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Legs Matter update: we must learn to truly empathise

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Legs Matter update: we must learn to truly empathise

Leanne Atkin, Tracy Goodwin
7 March 2023
Empathy is a core attribute to any healthcare professional, we are taught this in the first days of any education programme, it is important to remember that empathy is very different from sympathy. Sympathy means understanding someone else’s suffering, whereas empathy means experiencing someone else’s feelings and having the ability to imagine yourself in their position. The word empathy comes from the German word Einfühlung or ‘feeling into’ and requires an emotional competency to really feel what someone else is feeling.

The Legs Matter campaign was formed through a collective degree of frustration and sympathy for people suffering from lower leg conditions. The leaders of Legs Matter included clinicians and patients with lived experience, Legs Matter has provided me with the opportunity to really get to know one of my patients (Tracy) outside the practitioner/patient environment and reflecting on this journey, I continue to learn and gain greater empathetic understanding of Tracy and her life. I view myself as a ‘decent’ practitioner, one with a knowledge and understanding of condition/evidence-based practice, someone who listens and actively cares, but when I assess my real degree of empathy there is always something to learn. How much do we really understand a patient’s journey? Do we truly appreciate what it is to live with a lower limb condition? Once a wound is healed do we start to think the journey for that patient is over? Do we ever empathise about the long-term fear of recurrence? Do we appreciate the physical and emotional harm experienced by that patient?

Tracy’s thoughts on the matter

“Having experienced a chronic leg ulcer for many years and knowing how much it affected my life, I live in constant fear of it returning. I understand that because I have vascular insufficiency and damaged veins, I have a high chance of recurrence. Every single time I take my compression off and look at my ankle, I hold my breath and just hope that today is not the day when my fears are confirmed. I often think about what I would do if it did return and how I would cope. I don’t want to go back to the world of chronic pain, sleep deprivation and social isolation. I need to know that if it were to happen, I would get gold standard care no matter where in the country I live. It is vital that a lower leg pathway is in place so that there is a guaranteed level of care. I am confident that it can be nipped in the bud with the right treatment and fast action.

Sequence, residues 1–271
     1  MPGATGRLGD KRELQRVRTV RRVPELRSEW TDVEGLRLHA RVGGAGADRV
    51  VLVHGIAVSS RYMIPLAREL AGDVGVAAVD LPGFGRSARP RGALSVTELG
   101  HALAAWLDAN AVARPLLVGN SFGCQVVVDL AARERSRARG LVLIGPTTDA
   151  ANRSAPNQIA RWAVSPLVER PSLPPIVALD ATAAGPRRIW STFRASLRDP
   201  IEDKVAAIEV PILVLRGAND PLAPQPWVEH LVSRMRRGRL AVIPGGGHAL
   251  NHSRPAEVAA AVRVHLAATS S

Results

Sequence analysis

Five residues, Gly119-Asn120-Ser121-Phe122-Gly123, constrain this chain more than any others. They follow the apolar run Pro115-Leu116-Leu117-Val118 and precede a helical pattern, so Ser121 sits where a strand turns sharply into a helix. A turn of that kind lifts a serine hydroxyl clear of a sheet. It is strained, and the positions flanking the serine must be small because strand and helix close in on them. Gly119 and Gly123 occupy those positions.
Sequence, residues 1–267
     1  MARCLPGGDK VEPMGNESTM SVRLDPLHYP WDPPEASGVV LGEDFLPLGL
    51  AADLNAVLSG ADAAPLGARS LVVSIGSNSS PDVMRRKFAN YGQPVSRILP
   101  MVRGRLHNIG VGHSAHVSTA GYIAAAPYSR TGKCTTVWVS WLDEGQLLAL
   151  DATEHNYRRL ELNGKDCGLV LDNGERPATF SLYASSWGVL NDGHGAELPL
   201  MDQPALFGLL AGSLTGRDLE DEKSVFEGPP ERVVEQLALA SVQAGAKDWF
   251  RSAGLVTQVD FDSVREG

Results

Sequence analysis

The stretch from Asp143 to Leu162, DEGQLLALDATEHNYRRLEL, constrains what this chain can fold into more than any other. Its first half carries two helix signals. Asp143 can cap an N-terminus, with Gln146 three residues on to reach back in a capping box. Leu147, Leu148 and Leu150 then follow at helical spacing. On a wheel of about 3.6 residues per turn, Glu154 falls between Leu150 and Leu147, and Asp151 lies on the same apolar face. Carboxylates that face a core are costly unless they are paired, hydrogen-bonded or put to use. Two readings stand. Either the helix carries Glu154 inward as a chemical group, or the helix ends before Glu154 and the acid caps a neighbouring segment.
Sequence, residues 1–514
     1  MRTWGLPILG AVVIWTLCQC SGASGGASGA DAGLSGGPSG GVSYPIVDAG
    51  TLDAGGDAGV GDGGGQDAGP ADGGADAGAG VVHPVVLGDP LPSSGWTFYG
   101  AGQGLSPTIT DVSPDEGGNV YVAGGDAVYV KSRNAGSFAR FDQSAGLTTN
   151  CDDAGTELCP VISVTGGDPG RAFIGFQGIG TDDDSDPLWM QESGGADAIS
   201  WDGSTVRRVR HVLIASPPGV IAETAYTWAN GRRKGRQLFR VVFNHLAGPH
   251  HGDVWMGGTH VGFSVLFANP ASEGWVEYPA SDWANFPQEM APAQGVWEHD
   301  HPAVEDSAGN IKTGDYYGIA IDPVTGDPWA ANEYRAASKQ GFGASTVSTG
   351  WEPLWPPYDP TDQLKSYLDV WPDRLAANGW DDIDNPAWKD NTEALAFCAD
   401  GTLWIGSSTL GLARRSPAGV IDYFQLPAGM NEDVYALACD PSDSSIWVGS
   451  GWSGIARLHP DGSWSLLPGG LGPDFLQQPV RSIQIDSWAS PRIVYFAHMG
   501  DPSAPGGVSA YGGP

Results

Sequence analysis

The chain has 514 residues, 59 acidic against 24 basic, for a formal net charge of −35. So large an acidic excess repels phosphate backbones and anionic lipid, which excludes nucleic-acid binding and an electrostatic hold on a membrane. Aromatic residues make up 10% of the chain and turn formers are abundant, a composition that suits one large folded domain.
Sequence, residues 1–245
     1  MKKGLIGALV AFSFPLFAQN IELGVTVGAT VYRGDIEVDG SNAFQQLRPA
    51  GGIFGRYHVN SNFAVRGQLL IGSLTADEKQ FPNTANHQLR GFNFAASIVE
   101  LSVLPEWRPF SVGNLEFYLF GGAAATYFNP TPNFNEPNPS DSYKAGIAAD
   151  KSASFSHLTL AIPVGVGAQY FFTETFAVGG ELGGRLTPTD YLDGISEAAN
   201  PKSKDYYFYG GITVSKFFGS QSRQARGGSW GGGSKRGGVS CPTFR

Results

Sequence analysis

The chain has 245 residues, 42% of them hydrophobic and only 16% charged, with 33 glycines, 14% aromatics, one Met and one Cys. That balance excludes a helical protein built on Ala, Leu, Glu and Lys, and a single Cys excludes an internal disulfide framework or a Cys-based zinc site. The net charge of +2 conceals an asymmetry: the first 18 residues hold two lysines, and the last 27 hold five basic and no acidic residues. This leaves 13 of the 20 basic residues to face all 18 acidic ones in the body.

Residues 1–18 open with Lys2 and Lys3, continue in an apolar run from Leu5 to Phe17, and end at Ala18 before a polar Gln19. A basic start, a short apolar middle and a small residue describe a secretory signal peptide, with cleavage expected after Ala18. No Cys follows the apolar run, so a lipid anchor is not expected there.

Fortunately, I have experience of this good care. Recently, I was worried about the ulcer as it had started to open again. I was able to make direct contact with the Leg ulcer clinic, was seen within a matter of days. They were able to identify an infection, prescribe antibiotics, as well as advice on most appropriate dressings and the level of compression therapy I needed. Due to the fact I received the right advice and treatment the ulcer healed within four weeks. I am at huge risk of my ulcer returning at any point in my life, especially as I get older, so in the future, I need reassurance that I can see a healthcare professional who has the appropriate skills and knowledge quickly so healing is not delayed. I don’t ever want to be in the position where I cannot self-refer, I don’t want to imagine a world where I have to attempt to get an appointment with my GP, then request referred to a specialist team, then having to wait weeks for an appointment. The possibility of this makes me feel frightened for my future. Leg ulcers deteriorate so quickly that every day counts”. 

Tracy words will resonate with all of you through your sympathetic nature, but I would like you all to take a minute and truly empathise. How would you feel if this was you? How would you manage that fear? Would you feel fearful of the future? Would you be confident that you could access the right care at the right time?

Legs Matter are concerned about the future, we do not believe patients can reliably access the right care at the right time and we are calling for change. Change now — not later!. This year, we will be launching our position on harm document as we truly believe that insufficient action on leg and foot conditions is harming people. The current reality in the UK is that people with leg and foot conditions are not being treated adequately or in time and, as a result, are being harmed. Harm includes unnecessary pain, infection, amputation, hospitalisation, loss of livelihood, social isolation, anxiety, and depression. This harm is unacceptable and avoidable. We are calling on senior leaders and decision makers within the NHS to radically rethink the way leg and foot conditions are managed in order to reduce harm.

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